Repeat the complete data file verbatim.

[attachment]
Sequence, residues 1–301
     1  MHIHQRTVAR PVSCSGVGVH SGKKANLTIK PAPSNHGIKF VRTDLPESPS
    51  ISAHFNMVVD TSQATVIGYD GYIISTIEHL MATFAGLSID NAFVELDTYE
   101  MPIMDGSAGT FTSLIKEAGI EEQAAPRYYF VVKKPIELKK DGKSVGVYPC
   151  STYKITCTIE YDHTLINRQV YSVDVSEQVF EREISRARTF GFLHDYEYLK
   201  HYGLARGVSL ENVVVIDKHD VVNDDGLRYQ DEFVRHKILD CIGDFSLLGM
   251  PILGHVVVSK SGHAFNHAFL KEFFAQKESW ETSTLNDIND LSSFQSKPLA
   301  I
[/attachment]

Sequence, residues 1–301
     1  MHIHQRTVAR PVSCSGVGVH SGKKANLTIK PAPSNHGIKF VRTDLPESPS
    51  ISAHFNMVVD TSQATVIGYD GYIISTIEHL MATFAGLSID NAFVELDTYE
   101  MPIMDGSAGT FTSLIKEAGI EEQAAPRYYF VVKKPIELKK DGKSVGVYPC
   151  STYKITCTIE YDHTLINRQV YSVDVSEQVF EREISRARTF GFLHDYEYLK
   201  HYGLARGVSL ENVVVIDKHD VVNDDGLRYQ DEFVRHKILD CIGDFSLLGM
   251  PILGHVVVSK SGHAFNHAFL KEFFAQKESW ETSTLNDIND LSSFQSKPLA
   301  I